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Telephone consultation in primary care: A retrospective two-year observational analysis of a public healthcare system

Francisco Gonzalez (Service of Ophthalmology, Complejo Hospitalario, Universitario of Santiago de Compostela, Santiago de Compostela, Spain) (Health Research Institute of Santiago de Compostela (IDIS), Santiago de Compostela, Spain) (CIMUS, University of Santiago de Compostela, Santiago de Compostela, Spain)
Blanca Cimadevila (Galician Health Service, Santiago de Compostela, Spain)
Julio Garcia-Comesaña (Integrated Care Organization of Vigo (Galician Health Service), Vigo Spain)
Susana Cerqueiro (Galician Health Service, Santiago de Compostela, Spain)
Eladio Andion (Galician Health Service, Santiago de Compostela, Spain)
Jorge Prado (Galician Health Service, Santiago de Compostela, Spain)
Jorge Bermudez (Galician Health Service, Santiago de Compostela, Spain)
Felix Rubial (Integrated Care Organization of Vigo (Galician Health Service), Vigo Spain)

Journal of Health Organization and Management

ISSN: 1477-7266

Article publication date: 26 March 2018

Issue publication date: 6 April 2018

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Abstract

Purpose

The purpose of this paper is to describe and analyze a teleconsultation modality based on a simple telephone call, using either landline or mobile phone, made available to more than two million people. Telecommunication systems are an increasingly common feature in modern healthcare. However, making teleconsultations available to the entire population covered by a public health system is a challenging goal.

Design/methodology/approach

This retrospective longitudinal observational study analyzed how this modality was used at the primary care level in Galicia, a region in the Northwest of Spain, in 2014 and 2015, focusing on demand, gender and age preferences, rural vs urban population and efficiency.

Findings

Of 28,472,852 consultations requested in this period, 9.0 percent were telephone consultations. Women requested more telephone consultations (9.9 percent of total consultations) than men (7.7 percent of total consultations). The highest demand occurred for the over 85 age group for both men and women. In both years, 2014 and 2015, the number of telephone consultations per inhabitant was higher in urban (0.53 and 0.69) than in rural areas (0.34 and 0.47). In 10.9 percent of cases, the telephone consultations required further face-to-face consultation.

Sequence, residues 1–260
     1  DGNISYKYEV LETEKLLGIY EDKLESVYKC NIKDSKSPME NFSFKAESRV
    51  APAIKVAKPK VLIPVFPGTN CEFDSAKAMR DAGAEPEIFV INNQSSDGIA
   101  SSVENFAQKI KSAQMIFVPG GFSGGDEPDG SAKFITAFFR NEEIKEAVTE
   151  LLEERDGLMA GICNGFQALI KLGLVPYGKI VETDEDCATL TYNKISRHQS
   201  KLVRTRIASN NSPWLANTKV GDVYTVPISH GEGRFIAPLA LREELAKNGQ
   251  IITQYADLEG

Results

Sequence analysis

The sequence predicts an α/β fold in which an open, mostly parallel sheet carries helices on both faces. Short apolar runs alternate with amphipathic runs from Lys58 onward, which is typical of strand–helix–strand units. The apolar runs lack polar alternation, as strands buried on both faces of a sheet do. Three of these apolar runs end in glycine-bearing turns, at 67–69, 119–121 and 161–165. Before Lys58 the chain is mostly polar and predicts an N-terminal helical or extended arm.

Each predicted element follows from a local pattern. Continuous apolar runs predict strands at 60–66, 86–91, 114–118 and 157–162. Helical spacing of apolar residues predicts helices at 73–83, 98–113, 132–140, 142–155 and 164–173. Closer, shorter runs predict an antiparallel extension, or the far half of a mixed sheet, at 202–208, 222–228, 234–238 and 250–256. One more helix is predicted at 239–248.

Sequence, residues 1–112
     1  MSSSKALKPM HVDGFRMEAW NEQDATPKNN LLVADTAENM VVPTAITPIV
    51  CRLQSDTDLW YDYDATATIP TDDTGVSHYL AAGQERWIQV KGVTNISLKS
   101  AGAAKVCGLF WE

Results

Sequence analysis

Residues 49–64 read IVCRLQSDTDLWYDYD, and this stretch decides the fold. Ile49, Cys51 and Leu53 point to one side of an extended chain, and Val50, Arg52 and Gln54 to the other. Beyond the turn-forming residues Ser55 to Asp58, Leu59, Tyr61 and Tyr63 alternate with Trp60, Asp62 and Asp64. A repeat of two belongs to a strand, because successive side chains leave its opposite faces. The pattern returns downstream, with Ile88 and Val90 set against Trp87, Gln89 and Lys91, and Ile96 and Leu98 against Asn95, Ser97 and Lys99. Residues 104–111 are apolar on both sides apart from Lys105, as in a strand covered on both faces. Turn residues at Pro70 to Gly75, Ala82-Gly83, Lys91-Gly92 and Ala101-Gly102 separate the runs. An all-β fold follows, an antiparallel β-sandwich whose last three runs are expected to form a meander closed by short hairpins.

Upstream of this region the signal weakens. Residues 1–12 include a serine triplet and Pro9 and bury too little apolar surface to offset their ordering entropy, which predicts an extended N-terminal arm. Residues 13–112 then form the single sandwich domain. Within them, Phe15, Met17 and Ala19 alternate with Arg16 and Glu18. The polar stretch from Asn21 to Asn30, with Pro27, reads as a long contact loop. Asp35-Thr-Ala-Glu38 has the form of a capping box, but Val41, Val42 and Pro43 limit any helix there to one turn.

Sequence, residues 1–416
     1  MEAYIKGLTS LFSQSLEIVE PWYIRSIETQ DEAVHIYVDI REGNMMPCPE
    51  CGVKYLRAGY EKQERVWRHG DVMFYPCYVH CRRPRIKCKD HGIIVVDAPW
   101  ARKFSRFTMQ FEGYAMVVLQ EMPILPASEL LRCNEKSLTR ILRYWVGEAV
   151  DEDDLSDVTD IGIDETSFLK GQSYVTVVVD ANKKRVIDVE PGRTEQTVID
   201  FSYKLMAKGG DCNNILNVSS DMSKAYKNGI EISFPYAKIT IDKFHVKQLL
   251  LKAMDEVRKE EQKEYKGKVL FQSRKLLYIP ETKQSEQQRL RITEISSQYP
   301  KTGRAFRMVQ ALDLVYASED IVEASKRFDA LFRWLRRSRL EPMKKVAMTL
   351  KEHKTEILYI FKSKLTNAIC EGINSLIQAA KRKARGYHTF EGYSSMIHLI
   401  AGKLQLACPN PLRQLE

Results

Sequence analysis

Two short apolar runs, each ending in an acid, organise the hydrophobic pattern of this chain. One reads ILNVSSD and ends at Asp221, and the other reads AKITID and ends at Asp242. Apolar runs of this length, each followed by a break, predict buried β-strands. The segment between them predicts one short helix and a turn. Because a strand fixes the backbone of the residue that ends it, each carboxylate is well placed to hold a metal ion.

Originality/value

Conventional voice telephone calls can efficiently replace conventional face-to-face consultations in primary healthcare in roughly 10 percent of cases. Women are more likely than men to use primary care services in both face-to-face and telephone consultation modalities. Public healthcare systems should consider implementing telephone consultations to deliver their services.

Keywords

Acknowledgements

This work was partially supported by the government research funding agencies of Xunta de Galicia, Spain, (Grant Numbers ED431C-2016-025, ED341D-R2016-032) and Instituto de Salud Carlos III (Grant Number RD16/0008/0003) co-funded by FEDER. We are thankful to GPs, Melquisedec Ameneiro Noya, Carlos Castiñeira Pombo, Angel Martínez-Puga López, Juan Carlos Calvo Fernández, Xoan Casas Rodrigues, Elena Lorenzo Llauger, and Sergio Rodríguez González, and also to Ana Isabel Calvo Pérez, Josefa Fernández Segade and Eugenia Victoria Miguez Mayo. All of them participated in an initial pilot study that preceded the full implementation of the teleconsultation procedure described here.

Citation

Gonzalez, F., Cimadevila, B., Garcia-Comesaña, J., Cerqueiro, S., Andion, E., Prado, J., Bermudez, J. and Rubial, F. (2018), "Telephone consultation in primary care: A retrospective two-year observational analysis of a public healthcare system", Journal of Health Organization and Management, Vol. 32 No. 2, pp. 321-337. https://doi.org/10.1108/JHOM-08-2017-0201

Publisher

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Emerald Publishing Limited

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